When installing insulation upward, as shown in FIGS. 9-16, a slit 90 is formed in the lower portion of wall 92 below the area in which the insulation is to be disposed. The slit should be approximately 21/2 inches wide and have a length sufficient to accept the full width of sheets 12 and 14. To insert device 10 into slit 90, the device is turned over so that control sheet 12 is on top and compressor sheet 14 is on the bottom such that the bent portions of the sheets 12 and 14 face toward the space to be filled with insulation. The bent portions are maneuvered into the space and moved upward. Sheets 12 and 14 are formed from flexible material so that they can be bent to a considerable degree during this maneuvering process. As shown in FIG. 10, device 10 is moved into the cavity behind wall 92 until the front of the device engages the upper end of the cavity. Of course, although not shown in FIG. 10, at this time the handles of device 10 will protrude from opening 90. As shown in FIG. 11, actuator 52 is pulled to release sheets 12 and 14 and compressor sheet 14 is then pulled back slightly so as to be moved free of groove 24. At this time insulation batt B is allowed to expand forcing the sheets apart. Sheet 14 is then pulled back by a distance of about 3 inches so that the free edge of sheet 14 engages bat B as shown in FIG. 12. Sheet 12 is then also pulled back by a similar distance. At this point, sheets 12 and 14 are moved down slightly from the forward end of batt B as shown in FIG. 13. Sheets 12 and 14 are the pushed forward until batt B is pushed all the way up into the cavity behind wall 92 as shown in FIG. 14. Sheets 12 and 14 are then withdrawn completely from opening 90 by moving the sheets downwardly one at a time starting with sheet 14, as shown in FIGS. 15 and 16. As sheets 12 and 14 are withdrawn, batt B is allowed to fully expand within the space behind wall 92 as shown in FIG. 16.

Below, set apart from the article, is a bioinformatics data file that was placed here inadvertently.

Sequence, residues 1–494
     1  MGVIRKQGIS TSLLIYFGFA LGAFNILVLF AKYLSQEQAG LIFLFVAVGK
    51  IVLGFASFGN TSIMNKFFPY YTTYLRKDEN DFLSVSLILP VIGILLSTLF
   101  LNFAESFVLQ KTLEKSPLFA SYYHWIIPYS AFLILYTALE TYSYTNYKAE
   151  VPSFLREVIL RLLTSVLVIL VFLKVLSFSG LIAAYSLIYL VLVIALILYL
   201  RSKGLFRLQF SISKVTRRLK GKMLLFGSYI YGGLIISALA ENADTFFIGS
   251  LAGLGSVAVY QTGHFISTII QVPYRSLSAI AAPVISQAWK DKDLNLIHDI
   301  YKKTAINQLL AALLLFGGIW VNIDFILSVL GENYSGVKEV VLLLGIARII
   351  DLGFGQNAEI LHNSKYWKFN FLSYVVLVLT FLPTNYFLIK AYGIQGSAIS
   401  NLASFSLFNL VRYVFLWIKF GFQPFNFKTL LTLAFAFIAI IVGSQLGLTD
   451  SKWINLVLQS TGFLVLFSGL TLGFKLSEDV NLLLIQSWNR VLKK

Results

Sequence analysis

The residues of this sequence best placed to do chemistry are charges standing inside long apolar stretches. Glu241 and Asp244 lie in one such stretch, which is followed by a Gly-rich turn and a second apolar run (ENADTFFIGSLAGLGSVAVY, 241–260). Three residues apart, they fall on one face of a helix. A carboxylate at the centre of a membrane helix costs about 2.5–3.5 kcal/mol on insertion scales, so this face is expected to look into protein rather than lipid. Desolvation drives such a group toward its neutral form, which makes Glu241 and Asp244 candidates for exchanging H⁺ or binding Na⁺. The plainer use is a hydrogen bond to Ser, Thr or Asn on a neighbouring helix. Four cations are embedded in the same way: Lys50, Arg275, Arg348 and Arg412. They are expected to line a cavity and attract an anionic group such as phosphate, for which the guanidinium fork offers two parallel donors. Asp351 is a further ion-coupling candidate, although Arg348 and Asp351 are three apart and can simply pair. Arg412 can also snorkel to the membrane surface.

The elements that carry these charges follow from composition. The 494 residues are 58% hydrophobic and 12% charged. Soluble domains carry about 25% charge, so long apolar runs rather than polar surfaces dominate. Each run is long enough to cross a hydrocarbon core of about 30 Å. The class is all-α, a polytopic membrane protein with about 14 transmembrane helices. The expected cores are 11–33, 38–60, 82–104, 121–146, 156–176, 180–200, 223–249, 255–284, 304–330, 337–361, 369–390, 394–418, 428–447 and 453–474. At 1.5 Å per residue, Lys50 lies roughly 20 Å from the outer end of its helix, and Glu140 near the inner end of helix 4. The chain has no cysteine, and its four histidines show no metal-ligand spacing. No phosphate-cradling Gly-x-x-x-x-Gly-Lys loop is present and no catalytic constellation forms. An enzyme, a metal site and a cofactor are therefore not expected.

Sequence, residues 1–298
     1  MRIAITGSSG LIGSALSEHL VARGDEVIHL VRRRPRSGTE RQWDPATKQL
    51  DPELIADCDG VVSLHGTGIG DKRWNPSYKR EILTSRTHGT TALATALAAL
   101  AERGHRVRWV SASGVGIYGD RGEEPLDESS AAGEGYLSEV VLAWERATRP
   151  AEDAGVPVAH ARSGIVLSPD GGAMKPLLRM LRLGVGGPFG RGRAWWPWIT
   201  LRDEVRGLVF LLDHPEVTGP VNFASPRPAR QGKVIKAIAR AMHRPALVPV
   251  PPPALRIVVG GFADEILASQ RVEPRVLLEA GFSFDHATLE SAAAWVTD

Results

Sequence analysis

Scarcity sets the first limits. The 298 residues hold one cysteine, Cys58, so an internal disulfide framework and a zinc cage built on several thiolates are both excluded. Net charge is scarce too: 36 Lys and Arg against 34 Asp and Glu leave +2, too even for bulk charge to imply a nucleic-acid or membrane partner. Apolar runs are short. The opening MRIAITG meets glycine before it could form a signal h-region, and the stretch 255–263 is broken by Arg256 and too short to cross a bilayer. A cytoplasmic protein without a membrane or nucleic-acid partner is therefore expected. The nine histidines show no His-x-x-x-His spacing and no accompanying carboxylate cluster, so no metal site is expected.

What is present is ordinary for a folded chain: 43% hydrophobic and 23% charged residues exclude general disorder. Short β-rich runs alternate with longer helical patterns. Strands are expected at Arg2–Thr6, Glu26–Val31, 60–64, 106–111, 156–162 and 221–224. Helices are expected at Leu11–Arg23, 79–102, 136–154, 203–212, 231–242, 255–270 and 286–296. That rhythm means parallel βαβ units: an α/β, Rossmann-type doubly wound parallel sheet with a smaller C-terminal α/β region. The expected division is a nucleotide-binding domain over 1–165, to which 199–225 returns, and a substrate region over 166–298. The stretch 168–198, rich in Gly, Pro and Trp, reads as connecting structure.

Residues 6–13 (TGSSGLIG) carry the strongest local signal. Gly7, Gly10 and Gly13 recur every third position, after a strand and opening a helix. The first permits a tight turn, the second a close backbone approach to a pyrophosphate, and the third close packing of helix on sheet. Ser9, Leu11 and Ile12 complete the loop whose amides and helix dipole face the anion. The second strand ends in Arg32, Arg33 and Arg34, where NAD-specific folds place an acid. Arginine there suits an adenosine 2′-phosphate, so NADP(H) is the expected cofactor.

As can be seen, by forming a separate opening 90 in each interior wall 92 of a building between adjacent joists, a bat of insulation can be inserted into the space behind the wall with a vapor barrier directly adjacent the wall.
If desired, the insulation can be inserted from an opening formed at the upper end of the space to be insulated by simply turning the device 10 over so that the control sheet 12 is on the bottom and the angled portions of sheets 12 and 14 face the space to be insulated. The process is then carried forward in a manner similar to that described above as would be obvious to one of ordinary skill in the art.